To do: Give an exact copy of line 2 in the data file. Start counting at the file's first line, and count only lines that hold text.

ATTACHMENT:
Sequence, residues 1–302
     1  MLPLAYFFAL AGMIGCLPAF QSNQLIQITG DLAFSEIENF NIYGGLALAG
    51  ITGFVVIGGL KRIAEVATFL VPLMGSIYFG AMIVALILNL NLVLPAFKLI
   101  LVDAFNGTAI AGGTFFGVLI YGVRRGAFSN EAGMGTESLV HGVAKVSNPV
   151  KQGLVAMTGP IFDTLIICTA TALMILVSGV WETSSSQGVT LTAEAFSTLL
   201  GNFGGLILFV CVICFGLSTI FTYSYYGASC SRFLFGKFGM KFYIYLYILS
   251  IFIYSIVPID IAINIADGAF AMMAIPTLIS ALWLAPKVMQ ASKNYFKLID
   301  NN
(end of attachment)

     1  MLPLAYFFAL AGMIGCLPAF QSNQLIQITG DLAFSEIENF NIYGGLALAG